CDC Blames Bath & Body Works for Recent ‘Zombie’ Attack


TAMPA,FL—After analyzing the recent attack of a young girl at a Bath & Body Works store, scientists have now theorized that food-scented cosmetics could be creating dangerous associations between food and the human body.

The 12-year-old victim, Mandy Smith, was sampling new lotions at the Bath & Body Works in the International Mall when she was approached by 11-year-old Evan Frank, a classmate of Mandy’s at Davidsen Middle School. Mandy extended her arm for Evan to smell the new scent, Sweet Sticky Bun, when Evan began biting her repeatedly on the arm.

“At first I thought it was a joke,” said Amy Smith, the victim’s mother. “But then I saw the blood on the floor … it was horrific. I couldn’t believe little Evan was biting my Mandy.”

Mandy suffered deep gashes to her arms that required a trip to the ER and several stitches, but she is expected to make a full recovery. Police are still investigating the incident and no charges have been filed.

After media dubbed the incident a “zombie” attack, the case was assigned to leading CDC neurologist Dr. Alex Brown. To explain what might have caused an otherwise normal child to attack, Dr. Brown says the attack may be explained by the mysterious effect smell has on the human brain.

“We’ve long understood the power of smell and its connection to memory. However, we are still studying what happens when we assign smells unnaturally—like giving shower gel and body lotion the smell of vanilla or apples, which are food smells. When this happens, we are basically creating an unnatural association between food and the human body.

When asked if cosmetic companies like Bath & Body Works could be to blame for this type of attack, Dr. Brown says it’s likely. “While we can’t know for sure what caused the attack, we can use common sense to say that if you make yourself smell like food, someone may want to take a bite.”

Surprisingly, the Bath & Body Works attack is not the first of its kind. In fact, 9 similar cases occurred throughout the U.S. last year. Police are now investigating the eerie similarities, including the fact that almost all victims are female and most use food-scented lotions. Dr. Brown says these incidents clearly illustrate a growing threat caused by the cosmetics industry.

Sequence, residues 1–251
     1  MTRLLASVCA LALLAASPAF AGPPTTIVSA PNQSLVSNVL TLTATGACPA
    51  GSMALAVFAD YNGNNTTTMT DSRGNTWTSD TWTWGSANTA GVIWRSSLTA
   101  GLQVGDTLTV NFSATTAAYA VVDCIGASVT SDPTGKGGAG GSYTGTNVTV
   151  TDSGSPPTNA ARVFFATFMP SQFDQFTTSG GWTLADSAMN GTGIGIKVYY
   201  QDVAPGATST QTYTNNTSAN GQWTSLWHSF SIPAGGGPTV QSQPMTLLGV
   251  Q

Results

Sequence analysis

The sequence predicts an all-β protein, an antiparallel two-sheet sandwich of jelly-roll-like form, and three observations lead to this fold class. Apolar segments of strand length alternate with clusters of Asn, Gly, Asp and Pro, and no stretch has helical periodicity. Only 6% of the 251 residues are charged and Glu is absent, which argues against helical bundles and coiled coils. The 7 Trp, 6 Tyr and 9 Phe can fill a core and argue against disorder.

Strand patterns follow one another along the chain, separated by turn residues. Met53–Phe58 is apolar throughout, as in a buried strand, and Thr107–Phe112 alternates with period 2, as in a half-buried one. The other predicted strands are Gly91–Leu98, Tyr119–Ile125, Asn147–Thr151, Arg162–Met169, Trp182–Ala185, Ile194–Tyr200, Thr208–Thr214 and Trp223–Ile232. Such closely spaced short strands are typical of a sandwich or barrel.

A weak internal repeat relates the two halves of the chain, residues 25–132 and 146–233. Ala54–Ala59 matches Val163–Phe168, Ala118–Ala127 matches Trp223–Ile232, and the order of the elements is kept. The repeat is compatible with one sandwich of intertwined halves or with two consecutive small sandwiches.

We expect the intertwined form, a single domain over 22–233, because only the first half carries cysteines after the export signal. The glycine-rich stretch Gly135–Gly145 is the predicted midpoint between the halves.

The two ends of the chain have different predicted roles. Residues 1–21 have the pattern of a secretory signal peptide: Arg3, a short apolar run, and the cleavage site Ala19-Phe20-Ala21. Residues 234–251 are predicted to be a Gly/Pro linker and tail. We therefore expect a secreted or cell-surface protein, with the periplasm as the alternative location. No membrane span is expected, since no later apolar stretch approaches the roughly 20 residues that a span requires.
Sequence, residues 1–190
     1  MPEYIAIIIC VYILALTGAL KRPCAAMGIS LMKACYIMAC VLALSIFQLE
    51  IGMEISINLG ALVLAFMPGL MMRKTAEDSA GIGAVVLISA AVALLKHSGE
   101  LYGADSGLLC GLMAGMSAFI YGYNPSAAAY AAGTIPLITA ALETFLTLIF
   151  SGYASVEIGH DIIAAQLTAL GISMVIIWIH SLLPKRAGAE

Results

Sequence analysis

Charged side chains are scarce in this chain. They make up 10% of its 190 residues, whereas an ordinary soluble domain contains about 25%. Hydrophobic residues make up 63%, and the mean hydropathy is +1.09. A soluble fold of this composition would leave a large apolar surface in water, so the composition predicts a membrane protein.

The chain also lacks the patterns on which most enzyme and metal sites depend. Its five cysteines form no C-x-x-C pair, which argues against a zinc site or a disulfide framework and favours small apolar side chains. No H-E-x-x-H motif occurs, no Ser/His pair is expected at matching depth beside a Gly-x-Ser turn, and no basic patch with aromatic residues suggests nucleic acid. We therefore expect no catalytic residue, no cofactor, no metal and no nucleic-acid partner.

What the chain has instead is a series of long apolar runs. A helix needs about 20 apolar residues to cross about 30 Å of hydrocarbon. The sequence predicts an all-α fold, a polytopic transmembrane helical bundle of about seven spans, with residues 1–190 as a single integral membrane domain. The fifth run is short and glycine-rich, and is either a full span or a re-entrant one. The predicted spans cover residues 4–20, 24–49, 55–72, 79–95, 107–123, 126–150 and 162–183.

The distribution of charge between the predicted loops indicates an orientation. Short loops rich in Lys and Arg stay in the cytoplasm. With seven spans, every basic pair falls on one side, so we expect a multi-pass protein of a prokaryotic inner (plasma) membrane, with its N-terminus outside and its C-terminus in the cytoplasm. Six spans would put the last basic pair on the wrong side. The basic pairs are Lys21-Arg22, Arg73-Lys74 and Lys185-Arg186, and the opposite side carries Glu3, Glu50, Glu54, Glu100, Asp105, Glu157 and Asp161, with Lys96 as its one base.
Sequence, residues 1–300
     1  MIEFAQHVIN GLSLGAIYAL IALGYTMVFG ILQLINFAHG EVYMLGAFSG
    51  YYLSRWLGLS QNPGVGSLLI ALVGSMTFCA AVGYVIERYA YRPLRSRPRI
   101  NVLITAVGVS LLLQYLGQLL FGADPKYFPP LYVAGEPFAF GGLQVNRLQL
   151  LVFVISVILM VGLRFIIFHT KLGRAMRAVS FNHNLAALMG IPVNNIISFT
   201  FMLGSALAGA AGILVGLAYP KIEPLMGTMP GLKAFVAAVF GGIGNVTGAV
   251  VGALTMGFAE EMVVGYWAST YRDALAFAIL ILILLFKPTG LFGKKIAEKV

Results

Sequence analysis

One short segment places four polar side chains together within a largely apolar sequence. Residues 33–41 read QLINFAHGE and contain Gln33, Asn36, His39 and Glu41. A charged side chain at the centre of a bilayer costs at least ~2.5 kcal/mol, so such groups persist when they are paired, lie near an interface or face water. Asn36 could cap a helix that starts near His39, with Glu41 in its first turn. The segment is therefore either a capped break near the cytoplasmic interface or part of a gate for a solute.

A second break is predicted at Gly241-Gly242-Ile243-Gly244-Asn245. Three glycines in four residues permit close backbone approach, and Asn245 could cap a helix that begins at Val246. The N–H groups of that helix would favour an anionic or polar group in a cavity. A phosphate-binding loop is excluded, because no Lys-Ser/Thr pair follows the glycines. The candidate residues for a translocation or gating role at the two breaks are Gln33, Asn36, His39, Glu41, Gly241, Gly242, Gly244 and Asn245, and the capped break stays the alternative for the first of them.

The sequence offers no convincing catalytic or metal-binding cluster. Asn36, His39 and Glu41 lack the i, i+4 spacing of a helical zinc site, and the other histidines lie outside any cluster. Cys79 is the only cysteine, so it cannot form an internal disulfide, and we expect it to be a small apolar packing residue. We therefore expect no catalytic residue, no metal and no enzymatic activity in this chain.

The variety of food-scented cosmetics has sharply increased over the last decade with scents ranging from classic vanilla to cucumber melon to sweet cinnamon pumpkin.

Neither Dr. Brown nor the police will acknowledge these incidents as “zombie” attacks, but both warn against wearing food-scented cosmetics including soaps, lotions, shampoos, lip glosses and hand-sanitizers. For now, police say, it’s better safe than sorry.


Lao Tzu

Lao Tzu

Lao Tzu (translated the old sage or master) is traditionally known as the father of Taoism. He lived during China's Warring States period and worked as an archivist at the emperor court. There he met Confucius himself with whom he talked about rites. Rites were the subject-matter of Confucius and Confucianists. Taoism didn't bother with such themes pointing to society, morals and ethics. Therefore the dialogue of these two masters shows a clear demarcation between their specific doctrines. Lao Tzu preached the retirement and seclusion, while Confucius insisted on the practicing the humanhood as the main virtue of a civilized person, and on personal education. Later on, disguised by the court decline of morals, Lao Tzu would left his job and departed to West. He was asked by the Guardian of the Pass to write a book and thus come into being the Tao Te Ching (translated as The Classic of Tao and Te). Tao and Te are basic concepts in Taoist philosophy. Related one to each other they pointed to the Supreme Power in the Universe and its features. Bio adapted from